As building designers and owners last month awaited the release of an engineering analysis of the World Trade Center collapse, preliminary indications foresaw no recommendations for significant changes to building codes.
Prepared by the American Society of Civil Engineers (ASCE), the report was expected to be presented to Congress on May 1. But a draft copy was obtained last month by The New York Times.
According to the Times, the ASCE study concludes that failures of sprinkler systems and sprayed-on fireproofing are likely to have contributed to the Sept. 11 collapse of the 29-year-old Twin Towers. The impact of the hijacked jetliners that crashed into the towers undoubtedly severed piping that supplied water for the sprinklers, and may have jarred loose fireproofing applied to their steel frames. The fires that erupted produced temperatures as high as 2000 degrees.
"Clearly, it was the fire that brought about the collapse," says Robert Ratay, chairman of the technical activities division of ASCE's Structural Engineering Institute. Last month, he told BD&C that his group had reviewed the report before submitting it to the Federal Emergency Management Agency.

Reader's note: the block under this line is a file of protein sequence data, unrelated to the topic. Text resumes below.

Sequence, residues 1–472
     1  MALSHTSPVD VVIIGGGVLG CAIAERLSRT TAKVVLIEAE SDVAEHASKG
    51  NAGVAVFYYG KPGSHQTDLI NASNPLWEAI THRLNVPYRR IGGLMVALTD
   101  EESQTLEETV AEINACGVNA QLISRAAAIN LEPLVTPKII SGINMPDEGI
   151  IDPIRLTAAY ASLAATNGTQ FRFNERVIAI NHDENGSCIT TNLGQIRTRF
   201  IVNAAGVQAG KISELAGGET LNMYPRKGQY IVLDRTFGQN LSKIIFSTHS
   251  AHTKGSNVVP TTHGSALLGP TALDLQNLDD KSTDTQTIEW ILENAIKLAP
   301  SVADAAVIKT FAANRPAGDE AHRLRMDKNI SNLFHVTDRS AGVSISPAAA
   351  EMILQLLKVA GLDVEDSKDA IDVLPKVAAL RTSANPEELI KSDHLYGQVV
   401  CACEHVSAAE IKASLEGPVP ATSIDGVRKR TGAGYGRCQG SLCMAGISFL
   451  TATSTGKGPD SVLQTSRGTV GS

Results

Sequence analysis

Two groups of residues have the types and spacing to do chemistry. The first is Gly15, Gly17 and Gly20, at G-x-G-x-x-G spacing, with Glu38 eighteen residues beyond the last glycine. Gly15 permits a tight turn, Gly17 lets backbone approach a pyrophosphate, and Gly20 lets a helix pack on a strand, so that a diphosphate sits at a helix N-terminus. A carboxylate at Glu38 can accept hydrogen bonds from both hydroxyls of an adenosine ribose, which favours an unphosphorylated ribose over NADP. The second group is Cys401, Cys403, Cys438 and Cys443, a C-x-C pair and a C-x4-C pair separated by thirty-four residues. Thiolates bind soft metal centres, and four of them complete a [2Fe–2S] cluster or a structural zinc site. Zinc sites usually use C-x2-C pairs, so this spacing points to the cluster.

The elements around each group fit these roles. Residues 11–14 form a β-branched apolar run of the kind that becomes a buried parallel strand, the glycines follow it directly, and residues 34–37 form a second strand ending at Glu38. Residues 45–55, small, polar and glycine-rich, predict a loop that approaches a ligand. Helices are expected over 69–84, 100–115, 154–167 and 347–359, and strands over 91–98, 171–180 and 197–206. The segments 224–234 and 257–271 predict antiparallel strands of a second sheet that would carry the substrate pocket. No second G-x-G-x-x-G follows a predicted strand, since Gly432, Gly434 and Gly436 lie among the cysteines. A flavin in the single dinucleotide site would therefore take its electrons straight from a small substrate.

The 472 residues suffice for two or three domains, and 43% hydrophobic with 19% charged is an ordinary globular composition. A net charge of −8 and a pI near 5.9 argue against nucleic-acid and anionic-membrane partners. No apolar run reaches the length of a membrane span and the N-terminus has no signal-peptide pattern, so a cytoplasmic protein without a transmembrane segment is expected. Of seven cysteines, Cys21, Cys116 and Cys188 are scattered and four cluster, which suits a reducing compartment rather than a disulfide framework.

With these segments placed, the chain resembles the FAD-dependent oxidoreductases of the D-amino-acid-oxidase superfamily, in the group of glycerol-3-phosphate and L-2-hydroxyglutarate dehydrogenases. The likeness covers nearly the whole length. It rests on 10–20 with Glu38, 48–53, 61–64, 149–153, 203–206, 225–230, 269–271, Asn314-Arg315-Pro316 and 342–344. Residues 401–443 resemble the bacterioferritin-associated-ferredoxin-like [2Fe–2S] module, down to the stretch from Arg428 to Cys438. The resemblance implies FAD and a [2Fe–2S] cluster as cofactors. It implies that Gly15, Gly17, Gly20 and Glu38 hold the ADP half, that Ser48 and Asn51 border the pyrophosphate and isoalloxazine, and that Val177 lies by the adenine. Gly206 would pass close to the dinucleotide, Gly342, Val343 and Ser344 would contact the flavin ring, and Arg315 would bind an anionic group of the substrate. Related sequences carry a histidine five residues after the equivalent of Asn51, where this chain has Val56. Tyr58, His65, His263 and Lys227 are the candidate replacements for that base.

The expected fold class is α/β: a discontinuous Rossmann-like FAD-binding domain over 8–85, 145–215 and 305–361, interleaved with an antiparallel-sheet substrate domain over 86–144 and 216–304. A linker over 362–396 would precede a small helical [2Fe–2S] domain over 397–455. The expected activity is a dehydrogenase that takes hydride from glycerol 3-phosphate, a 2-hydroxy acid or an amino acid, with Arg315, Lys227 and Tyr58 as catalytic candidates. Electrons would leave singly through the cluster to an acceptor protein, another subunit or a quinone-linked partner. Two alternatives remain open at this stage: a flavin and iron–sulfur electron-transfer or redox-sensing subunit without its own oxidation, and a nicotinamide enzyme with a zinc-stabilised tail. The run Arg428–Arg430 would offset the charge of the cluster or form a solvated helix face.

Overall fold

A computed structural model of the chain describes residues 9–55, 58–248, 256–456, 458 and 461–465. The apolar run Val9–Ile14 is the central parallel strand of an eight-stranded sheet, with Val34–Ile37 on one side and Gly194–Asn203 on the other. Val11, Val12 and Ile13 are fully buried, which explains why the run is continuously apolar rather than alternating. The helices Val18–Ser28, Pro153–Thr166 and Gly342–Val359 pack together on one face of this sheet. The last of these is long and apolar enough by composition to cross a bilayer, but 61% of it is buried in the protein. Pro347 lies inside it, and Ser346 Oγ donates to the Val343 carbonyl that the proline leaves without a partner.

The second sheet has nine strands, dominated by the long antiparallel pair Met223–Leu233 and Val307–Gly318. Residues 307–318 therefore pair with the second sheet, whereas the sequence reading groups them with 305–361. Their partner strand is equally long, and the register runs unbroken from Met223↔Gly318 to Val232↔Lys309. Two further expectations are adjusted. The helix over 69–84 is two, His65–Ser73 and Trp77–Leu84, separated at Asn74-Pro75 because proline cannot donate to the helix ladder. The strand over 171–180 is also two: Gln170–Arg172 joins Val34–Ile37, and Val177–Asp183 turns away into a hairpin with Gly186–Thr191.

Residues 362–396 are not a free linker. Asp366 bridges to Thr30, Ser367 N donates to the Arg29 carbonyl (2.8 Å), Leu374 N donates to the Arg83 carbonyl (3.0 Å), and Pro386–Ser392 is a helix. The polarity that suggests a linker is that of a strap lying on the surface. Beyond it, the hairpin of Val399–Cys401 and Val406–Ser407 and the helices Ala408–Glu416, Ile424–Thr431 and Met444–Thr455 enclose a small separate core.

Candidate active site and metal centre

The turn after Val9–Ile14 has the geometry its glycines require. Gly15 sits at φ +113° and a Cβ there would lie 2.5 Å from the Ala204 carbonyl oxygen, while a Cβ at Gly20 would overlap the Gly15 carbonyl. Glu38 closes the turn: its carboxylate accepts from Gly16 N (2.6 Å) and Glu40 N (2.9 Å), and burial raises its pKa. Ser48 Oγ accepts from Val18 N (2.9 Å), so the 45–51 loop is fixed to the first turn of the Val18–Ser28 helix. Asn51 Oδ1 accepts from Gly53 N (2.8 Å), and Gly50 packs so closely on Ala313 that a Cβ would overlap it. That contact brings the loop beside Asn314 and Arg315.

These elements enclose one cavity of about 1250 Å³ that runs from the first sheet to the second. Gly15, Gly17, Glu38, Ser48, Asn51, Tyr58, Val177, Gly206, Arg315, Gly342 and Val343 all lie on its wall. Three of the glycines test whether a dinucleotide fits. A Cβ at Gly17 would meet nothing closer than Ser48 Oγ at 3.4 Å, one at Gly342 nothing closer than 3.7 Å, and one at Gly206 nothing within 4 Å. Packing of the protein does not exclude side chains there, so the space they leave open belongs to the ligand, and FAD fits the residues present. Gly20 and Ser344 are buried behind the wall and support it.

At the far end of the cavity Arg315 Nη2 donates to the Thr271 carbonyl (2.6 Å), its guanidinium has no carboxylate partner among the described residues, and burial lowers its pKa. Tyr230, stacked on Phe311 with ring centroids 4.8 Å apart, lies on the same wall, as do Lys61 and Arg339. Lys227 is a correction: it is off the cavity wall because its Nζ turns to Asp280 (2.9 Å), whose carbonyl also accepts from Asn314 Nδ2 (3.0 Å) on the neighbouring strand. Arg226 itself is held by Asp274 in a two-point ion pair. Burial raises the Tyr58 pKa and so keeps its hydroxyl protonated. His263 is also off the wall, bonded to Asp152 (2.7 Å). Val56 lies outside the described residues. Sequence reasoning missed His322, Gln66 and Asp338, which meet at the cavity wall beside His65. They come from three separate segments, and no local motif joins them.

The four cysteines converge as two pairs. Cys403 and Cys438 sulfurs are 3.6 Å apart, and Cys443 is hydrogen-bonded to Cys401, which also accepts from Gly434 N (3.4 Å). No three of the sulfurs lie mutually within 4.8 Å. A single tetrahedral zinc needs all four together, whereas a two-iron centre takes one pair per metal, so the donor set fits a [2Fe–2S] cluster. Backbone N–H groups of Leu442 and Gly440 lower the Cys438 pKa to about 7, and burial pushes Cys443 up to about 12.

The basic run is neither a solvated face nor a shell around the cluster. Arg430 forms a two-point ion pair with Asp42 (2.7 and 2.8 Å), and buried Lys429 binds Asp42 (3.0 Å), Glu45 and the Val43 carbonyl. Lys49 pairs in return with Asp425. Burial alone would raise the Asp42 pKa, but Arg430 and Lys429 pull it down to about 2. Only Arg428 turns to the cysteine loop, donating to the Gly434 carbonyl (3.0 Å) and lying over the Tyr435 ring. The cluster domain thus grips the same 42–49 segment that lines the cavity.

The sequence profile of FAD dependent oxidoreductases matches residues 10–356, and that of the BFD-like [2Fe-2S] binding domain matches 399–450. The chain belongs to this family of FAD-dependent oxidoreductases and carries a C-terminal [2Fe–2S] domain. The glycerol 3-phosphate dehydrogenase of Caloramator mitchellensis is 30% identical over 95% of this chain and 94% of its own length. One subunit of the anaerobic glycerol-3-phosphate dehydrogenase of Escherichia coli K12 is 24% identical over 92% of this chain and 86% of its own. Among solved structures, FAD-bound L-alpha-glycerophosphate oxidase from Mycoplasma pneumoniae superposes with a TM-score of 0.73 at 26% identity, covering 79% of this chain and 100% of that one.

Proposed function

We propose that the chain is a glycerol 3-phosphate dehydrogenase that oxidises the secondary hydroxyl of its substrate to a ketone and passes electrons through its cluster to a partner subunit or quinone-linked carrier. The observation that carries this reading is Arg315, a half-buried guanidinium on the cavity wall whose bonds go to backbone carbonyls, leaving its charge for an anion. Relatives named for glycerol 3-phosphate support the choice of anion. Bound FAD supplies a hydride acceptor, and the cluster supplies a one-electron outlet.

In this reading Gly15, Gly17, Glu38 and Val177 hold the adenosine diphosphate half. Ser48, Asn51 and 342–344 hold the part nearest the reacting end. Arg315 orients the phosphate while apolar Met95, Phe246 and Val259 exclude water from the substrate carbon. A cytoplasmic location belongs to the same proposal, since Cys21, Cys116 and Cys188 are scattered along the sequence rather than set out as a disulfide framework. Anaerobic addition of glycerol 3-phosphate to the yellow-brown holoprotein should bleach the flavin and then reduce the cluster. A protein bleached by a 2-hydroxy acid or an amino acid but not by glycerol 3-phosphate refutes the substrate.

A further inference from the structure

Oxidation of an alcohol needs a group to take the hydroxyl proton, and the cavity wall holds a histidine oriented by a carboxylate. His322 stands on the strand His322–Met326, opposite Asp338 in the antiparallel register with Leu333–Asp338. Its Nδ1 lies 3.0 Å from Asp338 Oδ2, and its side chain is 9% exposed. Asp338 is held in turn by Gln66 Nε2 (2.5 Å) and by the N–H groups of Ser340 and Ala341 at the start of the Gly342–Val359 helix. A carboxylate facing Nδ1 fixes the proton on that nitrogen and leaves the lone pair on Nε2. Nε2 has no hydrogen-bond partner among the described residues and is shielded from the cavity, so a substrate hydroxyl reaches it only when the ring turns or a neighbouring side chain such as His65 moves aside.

Asked to comment on the report's apparent absence of recommended revisions for building codes, Ratay says he believes that the investigation so far has not been adequate enough to yield specific changes. But he adds that the collapses raise many important questions that may yet alter existing codes.
Ratay believes that the buildings adjacent to the Twin Towers — both those that collapsed and especially those that did not — represent a more fertile investigative field than the towers themselves. Identifying the source of the reserve strength demonstrated by neighboring structures could provide useful information for designers, he says.